Plan well ahead. You need to start talking and planning three years ahead as a minimum. Develop and agree a roadmap, planned timeline and choose carefully the timing of each stage of the communication and the transition. Timing is critical.

Communicate well and early.  Announce the change six to twelve months before it becomes official so people can deal with it in the abstract first. Also so that those that might feel bypassed/they’ve lost out can be handled positively, but clearly by the outgoing boss that they are used to leading them.

Whatever you do, don’t spring it on everyone. Introduce the idea gradually.  Make it a natural progression for the existing leader to step back and for the successor to take control. Indeed, one approach is to try to effect the transition in practice before formalising. If the existing leader is seen to let the successor make all the decisions and that is working, the formal job title and role change becomes simply that – a formality.

Announce internally first. It sounds obvious but staff do not like finding out about important business changes from the press or customers. Although stating the obvious a little, the key message has to be a positive one demonstrating the benefits to them of the change. Put simply, the best way to present benefits, especially if you have carefully engineered a long term step by step transition, is that the succession is to sustain and secure the future of the business. In most cases your team will find a message of continuity less concerning than a message of change.

Think about what happens when something goes wrong.  How will that be handled – because it will happen.  The successor will NOT make all the same decisions that their predecessor would have made. It is inevitable they will do some things differently. It is of the nature of business that not all of our decisions work out as we would wish them. So, some of those different decisions WILL be mistakes that the predecessor would not have made.  Don’t forget that there will also be different decisions that work well. The problem is that those tend not to get so much attention. Overall, ensure the perspective is balanced and discuss up front how you will deal with the situation if something goes wrong. Including how the existing leader would have done it differently. Maybe there are situations so serious that it is appropriate for the existing owner to step back in. However, it is in everyone’s interests to avoid that except in very, very exceptional circumstances.

Separate the ownership change from the role change. Whilst ownership and leadership are often linked and there may be personal and financial reasons why they have to be, our conclusion was that the smoothest and safest transition was to separate the ownership change from the leadership change.

This differs from the normal more obvious approach. There is often a gap between the value of the business anticipated by the existing owner and what the successor can afford. That can be addressed. Accountants often suggest the vendor lends to their successor the money to buy the business. That is a good solution… as long as the business meets the agreed growth ambitions.

The problem is that it doesn’t actually relieve the editing owner of the risk. When the transition creates disruption and the business/new owner can’t meet the loan repayments, the former owner can end up having to step back in with legal complexities and operational/commercial pain all round. So, consider carefully whether the linkage of the two (which is at face value simpler and appropriate) creates a risk to the business of a sudden change of direction.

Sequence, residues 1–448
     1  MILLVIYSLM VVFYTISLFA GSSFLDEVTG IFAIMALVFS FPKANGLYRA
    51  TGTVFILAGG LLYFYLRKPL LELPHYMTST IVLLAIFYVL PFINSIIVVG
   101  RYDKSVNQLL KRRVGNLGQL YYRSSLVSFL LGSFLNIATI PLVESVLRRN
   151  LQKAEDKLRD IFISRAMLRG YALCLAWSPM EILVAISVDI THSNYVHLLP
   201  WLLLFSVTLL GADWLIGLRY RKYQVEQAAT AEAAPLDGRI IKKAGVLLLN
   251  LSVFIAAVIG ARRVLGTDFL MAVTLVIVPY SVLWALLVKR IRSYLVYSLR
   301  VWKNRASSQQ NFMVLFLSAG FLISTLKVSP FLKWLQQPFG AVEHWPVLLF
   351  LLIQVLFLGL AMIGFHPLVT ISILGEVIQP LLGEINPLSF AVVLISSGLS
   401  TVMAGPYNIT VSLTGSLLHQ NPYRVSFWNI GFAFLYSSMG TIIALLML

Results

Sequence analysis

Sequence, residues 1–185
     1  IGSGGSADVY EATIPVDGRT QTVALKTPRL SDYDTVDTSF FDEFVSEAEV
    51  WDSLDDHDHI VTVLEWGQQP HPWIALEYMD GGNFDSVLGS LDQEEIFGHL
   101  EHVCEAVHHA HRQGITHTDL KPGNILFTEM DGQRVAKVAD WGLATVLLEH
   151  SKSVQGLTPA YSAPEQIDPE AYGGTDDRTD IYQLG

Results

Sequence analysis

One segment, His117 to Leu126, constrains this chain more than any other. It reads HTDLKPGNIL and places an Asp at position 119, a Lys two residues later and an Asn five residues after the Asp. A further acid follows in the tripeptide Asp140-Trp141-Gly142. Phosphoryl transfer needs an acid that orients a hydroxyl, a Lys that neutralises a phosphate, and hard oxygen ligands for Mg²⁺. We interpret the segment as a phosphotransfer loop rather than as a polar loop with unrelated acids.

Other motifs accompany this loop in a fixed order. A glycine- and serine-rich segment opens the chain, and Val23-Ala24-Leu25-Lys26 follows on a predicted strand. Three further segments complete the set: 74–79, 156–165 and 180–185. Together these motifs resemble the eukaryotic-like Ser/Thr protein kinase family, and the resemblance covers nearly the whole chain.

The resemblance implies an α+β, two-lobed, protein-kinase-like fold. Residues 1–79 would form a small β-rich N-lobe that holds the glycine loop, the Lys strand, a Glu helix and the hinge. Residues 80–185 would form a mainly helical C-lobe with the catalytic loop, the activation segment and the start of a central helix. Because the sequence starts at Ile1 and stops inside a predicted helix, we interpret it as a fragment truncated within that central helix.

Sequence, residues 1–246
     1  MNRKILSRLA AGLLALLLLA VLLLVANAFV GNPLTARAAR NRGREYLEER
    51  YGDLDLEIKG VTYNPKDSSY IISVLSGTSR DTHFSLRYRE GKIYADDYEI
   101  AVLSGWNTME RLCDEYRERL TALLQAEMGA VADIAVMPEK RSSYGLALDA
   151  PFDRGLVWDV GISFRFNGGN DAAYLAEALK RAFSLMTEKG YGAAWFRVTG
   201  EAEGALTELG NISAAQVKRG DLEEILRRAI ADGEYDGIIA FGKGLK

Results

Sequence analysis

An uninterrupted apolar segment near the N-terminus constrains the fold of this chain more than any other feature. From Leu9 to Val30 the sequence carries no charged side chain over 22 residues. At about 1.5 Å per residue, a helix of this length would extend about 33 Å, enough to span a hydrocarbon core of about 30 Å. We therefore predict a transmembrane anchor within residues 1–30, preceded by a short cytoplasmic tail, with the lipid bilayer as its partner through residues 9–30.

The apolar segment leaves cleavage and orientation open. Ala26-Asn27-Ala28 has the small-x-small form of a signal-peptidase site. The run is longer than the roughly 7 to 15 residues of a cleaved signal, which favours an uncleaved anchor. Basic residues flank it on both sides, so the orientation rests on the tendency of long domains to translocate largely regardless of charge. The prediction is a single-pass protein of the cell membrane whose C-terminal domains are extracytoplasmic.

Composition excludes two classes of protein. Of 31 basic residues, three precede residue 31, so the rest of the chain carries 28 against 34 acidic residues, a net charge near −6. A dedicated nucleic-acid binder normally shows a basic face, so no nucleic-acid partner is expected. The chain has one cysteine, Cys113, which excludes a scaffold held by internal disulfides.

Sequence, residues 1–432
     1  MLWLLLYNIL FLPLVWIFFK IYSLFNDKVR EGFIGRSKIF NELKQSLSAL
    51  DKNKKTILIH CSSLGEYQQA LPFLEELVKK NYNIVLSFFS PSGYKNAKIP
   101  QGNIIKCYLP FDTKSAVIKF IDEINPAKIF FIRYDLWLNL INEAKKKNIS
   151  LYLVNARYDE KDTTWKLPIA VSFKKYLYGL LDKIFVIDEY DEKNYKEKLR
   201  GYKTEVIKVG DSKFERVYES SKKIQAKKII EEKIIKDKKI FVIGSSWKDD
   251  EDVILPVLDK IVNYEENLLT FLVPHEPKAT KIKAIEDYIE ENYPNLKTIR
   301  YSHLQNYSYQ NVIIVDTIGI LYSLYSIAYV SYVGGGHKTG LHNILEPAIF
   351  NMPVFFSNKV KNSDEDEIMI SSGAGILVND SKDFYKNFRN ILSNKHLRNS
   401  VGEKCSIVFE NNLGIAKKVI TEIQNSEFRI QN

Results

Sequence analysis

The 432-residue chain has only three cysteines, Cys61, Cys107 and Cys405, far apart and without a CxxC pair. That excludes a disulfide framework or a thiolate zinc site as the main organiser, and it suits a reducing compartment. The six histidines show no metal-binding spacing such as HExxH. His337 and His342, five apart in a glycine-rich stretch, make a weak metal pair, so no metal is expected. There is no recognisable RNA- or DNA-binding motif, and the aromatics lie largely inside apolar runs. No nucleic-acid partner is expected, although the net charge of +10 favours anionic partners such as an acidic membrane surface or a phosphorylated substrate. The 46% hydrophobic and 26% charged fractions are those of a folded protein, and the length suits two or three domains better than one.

Be clear about the different roles.  Succession can and does work smoothly when all parties know what they are responsible for and authorised to do. So, define roles/authorities clearly and document them in writing. Think carefully about who is accountable for what.

The Chairman as consultant. One perspective that emerged from our discussions was that the role of the Chairman, the existing owner, was to focus on the board, the strategy and market direction, and business resilience. They described their role as ‘like a consultant but better.’ Their job was to research the situation, consider the options and make recommendations to the CEO/board but not to decide or implement themselves. That was for the board and the successor CEO.

To finish with what I suspect is the most important comment below.

Adrian Leer

Managing Director - Triad

"MD2MD provides an invaluable opportunity for me to learn from my peers, for me to road-test my thinking in a safe environment, and for me to keep developing my leadership skills. "
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Bob Bradley

Bob is a specialist in running high value added service businesses, having run five such businesses as General Manager, Managing Director or Chief Executive. His last employed role was as Chief Executive of a £16M, 200 person family owned business having previously been Chief Executive of an AIM listed company for which he raised £5M funding and which he grew from £4M to £12M in three years through two acquisitions and organic growth, and a corporate PLC subsidiary where he was Managing Director responsible for delivering £10M profit on £45M turnover through 450 staff.

Bob is now following a portfolio career providing entrepreneurial business leaders with mentoring and coaching around business leadership, business growth, merger integration and exit planning.

Core to his portfolio is MD2MD. Having experienced for himself the value of having a strong sounding board of fellow Managing Directors he founded MD2MD in 2004 to provide groups of business leaders with a confidential environment within which they can support and challenge each other to raise their game as leaders and by doing so improve the success of their organisation.

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